Lyndon Town School Entered 5th Year of PROSPER

ProsperthumbLYNDON- The Lyndon Town School is completing their fifth year in taking part in the PROSPER Program. PROSPER, which stands for Promoting-School-community-university-Partnerships to Enhance Resilience is a program geared toward supporting middle school students and their families to build stronger relationships and prevent early drug and alcohol use.


Anthony Willey, the team's co-leader, explains the program as, "a model on how you deliver these two types of evidence-based programs that are within the community that have all kinds of data and research that have all these positive outcomes."

The PROSPER Program first came to the Town School in 2012 when the University of Vermont's Extension program reached out to the school. Amy Gale, principal at the school, says, "they came to us, they felt our school was a good match for the program and they presented it to us, and we liked what we heard."

The program is broken up into two parts, the first being an optional after-school program for sixth grade students and their parents called the "Strengthening Families Program". The program happens in the fall once a week for seven weeks. Suzanne Hubbard participated in the program this past fall and said her and her daughter decided to take part after hearing about it at school orientation. "My daughter Megan wanted to do the program. She had heard that it was a good program from her friends." The program offers a free dinner for families in order to help break down barriers, something Hubbard appreciated. "It was really good for working parents and we get to eat with our child and eat as a family."

After dinner, the students and parents are broken into separate groups with trained facilitators and go to workshops. Hubbard says she enjoyed the parent session because of learning from other parents. "I liked the interactions with the parents, and how they talked about the issues you face as a parent when raising a teenager." Gale says that is a comment she gets from many. "Parents get to sit with other parents that they might not know socially but they get to know because they are in the program together and they get to hear other parents' ideas and frustrations, and ways of dealing with things and just get to share their love for their kids and also their common struggles they face with young teenagers."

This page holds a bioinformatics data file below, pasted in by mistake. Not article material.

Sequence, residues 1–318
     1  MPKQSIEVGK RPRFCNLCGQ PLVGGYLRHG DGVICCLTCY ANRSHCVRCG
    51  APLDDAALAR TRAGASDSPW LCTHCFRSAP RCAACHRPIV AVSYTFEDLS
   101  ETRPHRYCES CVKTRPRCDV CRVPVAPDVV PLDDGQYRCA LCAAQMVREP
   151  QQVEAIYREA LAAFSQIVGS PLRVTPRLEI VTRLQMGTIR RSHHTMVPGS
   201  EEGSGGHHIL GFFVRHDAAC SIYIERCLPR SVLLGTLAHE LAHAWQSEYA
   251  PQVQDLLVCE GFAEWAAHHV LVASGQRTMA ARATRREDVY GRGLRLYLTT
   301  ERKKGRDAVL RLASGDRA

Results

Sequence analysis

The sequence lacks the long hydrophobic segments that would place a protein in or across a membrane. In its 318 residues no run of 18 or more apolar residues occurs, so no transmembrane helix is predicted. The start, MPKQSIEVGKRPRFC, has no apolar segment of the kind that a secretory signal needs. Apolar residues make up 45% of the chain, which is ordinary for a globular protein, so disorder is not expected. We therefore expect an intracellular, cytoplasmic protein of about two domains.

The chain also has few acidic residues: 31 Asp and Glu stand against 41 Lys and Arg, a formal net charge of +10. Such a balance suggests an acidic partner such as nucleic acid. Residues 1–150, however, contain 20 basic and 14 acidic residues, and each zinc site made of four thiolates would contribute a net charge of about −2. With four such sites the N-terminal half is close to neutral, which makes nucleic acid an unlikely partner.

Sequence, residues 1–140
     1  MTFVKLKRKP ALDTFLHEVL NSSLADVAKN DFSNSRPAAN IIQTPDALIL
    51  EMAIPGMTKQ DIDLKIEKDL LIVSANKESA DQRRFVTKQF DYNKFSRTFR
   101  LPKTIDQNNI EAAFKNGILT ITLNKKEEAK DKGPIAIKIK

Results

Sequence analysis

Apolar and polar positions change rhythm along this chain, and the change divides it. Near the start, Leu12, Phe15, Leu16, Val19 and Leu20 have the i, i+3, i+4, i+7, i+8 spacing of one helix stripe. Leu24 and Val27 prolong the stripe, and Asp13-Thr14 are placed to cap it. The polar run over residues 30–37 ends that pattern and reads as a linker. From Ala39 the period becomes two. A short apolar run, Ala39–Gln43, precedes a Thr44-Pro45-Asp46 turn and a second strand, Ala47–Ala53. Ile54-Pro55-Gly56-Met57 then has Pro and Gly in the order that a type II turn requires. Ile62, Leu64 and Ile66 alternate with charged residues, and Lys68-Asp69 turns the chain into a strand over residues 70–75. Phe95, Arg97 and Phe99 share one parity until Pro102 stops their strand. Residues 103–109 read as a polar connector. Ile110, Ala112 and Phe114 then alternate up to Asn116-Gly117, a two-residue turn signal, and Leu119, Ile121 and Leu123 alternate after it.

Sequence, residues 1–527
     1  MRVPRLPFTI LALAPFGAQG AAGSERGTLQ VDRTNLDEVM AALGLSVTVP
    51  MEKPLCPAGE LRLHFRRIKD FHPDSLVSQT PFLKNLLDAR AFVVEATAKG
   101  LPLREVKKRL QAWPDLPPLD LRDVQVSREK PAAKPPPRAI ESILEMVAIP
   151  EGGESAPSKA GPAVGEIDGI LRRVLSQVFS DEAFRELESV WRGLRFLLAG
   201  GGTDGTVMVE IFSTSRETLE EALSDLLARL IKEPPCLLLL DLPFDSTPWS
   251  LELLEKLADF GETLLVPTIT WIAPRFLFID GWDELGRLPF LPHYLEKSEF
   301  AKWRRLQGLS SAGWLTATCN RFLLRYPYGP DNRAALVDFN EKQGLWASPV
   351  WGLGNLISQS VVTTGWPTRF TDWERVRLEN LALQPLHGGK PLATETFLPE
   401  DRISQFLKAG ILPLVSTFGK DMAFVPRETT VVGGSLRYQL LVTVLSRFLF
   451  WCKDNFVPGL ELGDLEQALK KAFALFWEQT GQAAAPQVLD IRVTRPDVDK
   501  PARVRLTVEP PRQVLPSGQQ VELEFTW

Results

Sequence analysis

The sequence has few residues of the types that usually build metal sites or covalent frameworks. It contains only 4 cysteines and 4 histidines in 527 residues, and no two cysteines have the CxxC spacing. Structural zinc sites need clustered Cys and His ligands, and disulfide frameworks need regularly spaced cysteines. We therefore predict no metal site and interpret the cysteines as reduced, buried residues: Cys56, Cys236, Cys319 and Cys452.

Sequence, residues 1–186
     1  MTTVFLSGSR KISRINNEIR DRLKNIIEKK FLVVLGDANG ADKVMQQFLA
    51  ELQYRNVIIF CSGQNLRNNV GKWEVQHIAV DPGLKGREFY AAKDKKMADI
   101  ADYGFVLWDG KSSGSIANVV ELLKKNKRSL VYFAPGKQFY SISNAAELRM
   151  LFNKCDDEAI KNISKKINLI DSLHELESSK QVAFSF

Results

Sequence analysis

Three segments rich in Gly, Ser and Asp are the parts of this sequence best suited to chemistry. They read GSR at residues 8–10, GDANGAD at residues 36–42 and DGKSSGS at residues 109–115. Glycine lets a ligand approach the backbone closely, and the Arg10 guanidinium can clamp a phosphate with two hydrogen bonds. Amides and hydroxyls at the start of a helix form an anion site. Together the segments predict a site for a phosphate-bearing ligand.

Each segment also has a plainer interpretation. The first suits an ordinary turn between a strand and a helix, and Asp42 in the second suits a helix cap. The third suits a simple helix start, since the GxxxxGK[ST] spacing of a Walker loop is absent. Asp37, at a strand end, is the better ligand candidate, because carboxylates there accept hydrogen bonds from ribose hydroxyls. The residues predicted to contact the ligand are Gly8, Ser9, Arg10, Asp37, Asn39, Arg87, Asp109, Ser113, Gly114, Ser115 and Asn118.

Hubbard says she felt that the separate student session was beneficial for the kids because they learned about what their parents do for them. "They talked about some things that children really aren't aware of what parents have to deal with." She says the facilitators talked to students about finances and other responsibilities parents have on a daily basis.

Gale says coming to the program is beneficial for all families because it "gives them that one on one time with that child, especially with families that have multiple kids. It's seven weeks of time where you know you're going to have that chunk in the evening to work on your relationship with that kid."

The second part of the PROSPER program is the "Life Skills" class. This class is taught to all seventh-grade students throughout the year. Life Skills is taught during their Allied Arts period and Mollie Falk, the middle school guidance counselor teaches the class. Falk says the class goes over one subject a day and that some subjects blend better into the next than some. "We start on self-image and really defining how kids see themselves and what interactions and situations help them define their self-image and looking at where self-image comes from." The class then dives into personal topics like decision making and substance abuse, alcohol, smoking, and marijuana. "We talk about a lot of common myths and realities that are related to those subjects."